NEW YORK v. N. Y., N. H. & H. R. CO.(1953)
In a railroad reorganization under 77 of the Bankruptcy Act, the court ordered "creditors" to file their claims by a certain date or be denied participation except for cause shown. Creditors other than mortgage trustees and those who had appeared in court were notified by publication only. A city which received no copy of the order did not file claims for its local-improvement liens on specific parcels of the railroad's real estate. Held: A final decree providing for transfer of the railroad's properties to a newly organized company could not validly destroy or bar enforcement of the city's liens. Pp. 294-297.
The District Court enjoined enforcement of a city's liens for local improvements on specific real estate of a railroad which had since been reorganized under the Bankruptcy Act. 105 F. Supp. 413. The Court of Appeals affirmed. 197 F.2d 428. This Court granted certiorari. 344 U.S. 809 . Reversed, p. 297.
Meyer Scheps and Seymour B. Quel argued the cause for petitioner. With them on the brief were Denis M. Hurley, Harry E. O'Donnell and Anthony Curreri.
Edward R. Brumley argued the cause for respondent. With him on the brief was Robert M. Peet. [344 U.S. 293, 294]
MR. JUSTICE BLACK delivered the opinion of the Court.
The question presented is whether under the circumstances of this case reorganization of the respondent railroad under 77 of the Bankruptcy Act 1 destroyed and barred enforcement of liens which New York City had imposed on specific parcels of the railroad's real estate for street, sewer and other improvements. The improvements were made and the liens were all laid prior to 1931. Reorganization was begun in the District Court in 1935. Subsequently, acting pursuant to subdivision (c) (7) of 77 the court issued an order directing "creditors" to file their claims by a prescribed date, after which unfiled claims would be denied participation except for "cause shown." The railroad was required to mail copies of the order to mortgage trustees or their counsel and to all creditors who had already appeared in court. Other creditors had to depend for their notice on two once-a-week publications of the order in five daily newspapers, one of which was the Wall Street Journal. 2 New York thus received no copy of the bar order. Its lien claims were never filed.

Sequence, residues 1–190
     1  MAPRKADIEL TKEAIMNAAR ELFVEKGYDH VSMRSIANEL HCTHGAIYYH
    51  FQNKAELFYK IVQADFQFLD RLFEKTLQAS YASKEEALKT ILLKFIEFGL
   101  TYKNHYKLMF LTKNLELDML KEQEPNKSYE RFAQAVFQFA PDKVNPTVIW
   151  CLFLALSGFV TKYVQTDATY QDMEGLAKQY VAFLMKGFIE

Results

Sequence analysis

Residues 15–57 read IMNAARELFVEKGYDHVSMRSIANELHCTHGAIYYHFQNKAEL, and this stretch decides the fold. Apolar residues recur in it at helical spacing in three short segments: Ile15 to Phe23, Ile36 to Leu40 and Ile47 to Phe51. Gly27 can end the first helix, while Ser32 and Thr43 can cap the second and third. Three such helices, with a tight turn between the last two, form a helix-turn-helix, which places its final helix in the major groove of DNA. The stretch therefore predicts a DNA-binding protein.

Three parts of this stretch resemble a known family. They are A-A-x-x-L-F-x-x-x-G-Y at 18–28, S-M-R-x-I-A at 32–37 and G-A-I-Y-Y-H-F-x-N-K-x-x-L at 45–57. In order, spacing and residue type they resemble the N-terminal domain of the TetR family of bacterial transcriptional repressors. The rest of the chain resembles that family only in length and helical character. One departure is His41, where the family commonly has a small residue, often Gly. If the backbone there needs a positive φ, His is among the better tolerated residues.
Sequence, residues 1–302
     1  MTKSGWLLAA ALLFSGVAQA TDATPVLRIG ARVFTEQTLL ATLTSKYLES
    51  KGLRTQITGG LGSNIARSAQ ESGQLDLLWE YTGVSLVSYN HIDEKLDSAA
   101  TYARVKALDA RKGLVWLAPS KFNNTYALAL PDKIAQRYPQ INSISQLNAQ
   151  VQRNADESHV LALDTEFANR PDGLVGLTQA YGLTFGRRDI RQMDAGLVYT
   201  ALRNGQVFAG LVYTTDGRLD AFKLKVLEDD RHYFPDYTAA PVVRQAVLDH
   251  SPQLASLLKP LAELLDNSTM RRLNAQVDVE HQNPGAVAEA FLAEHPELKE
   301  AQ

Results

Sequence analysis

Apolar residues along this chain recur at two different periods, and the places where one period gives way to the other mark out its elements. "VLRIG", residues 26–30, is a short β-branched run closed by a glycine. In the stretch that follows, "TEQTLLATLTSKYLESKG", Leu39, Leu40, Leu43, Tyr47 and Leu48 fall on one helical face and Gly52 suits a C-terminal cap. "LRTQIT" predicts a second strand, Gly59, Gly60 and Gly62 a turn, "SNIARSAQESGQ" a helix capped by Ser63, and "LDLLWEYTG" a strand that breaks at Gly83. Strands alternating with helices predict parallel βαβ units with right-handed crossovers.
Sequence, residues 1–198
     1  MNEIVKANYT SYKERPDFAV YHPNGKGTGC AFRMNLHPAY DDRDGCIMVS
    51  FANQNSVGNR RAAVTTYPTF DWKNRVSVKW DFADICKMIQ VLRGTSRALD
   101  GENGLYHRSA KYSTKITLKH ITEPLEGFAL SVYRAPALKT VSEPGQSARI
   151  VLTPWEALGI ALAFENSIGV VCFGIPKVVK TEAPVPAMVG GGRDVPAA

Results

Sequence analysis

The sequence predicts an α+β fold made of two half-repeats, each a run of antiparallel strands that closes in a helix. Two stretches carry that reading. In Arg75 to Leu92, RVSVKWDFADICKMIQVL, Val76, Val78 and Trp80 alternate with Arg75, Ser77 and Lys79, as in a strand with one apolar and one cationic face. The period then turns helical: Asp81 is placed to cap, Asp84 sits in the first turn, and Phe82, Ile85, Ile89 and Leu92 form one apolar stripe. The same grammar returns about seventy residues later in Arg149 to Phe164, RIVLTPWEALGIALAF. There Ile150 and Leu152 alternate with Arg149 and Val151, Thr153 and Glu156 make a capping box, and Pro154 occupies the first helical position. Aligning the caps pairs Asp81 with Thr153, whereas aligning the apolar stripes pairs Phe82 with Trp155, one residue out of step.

The court's final decree provided for transfer of the old railroad's properties to the newly organized company free from the city's liens. 3 Jurisdiction was reserved to consider and act on future applications for instructions concerning disputes over interpretation and execution of the decree. Pursuant to this reservation the railroad brought the present action alleging that the city in failing to file had forfeited its claims; the railroad prayed for a declaration that the liens were forever barred, void and unenforcible, [344 U.S. 293, 295] and that the real property was discharged and released therefrom. The District Court agreed with the railroad and enjoined enforcement of the liens. 105 F. Supp. 413. The Court of Appeals affirmed, Judge Frank dissenting. 197 F.2d 428. In both courts the city made several arguments only two of which we need consider here: (1) Since the lien claims were collectible only out of specified parcels of real estate, the city was not a "creditor" of the railroad and consequently was not required to file its claims in bankruptcy court; (2) in the absence of actual service of notice on the city, the court was without power to forfeit its liens because of its failure to appear as a claimant. To consider these questions we granted certiorari. 344 U.S. 809 .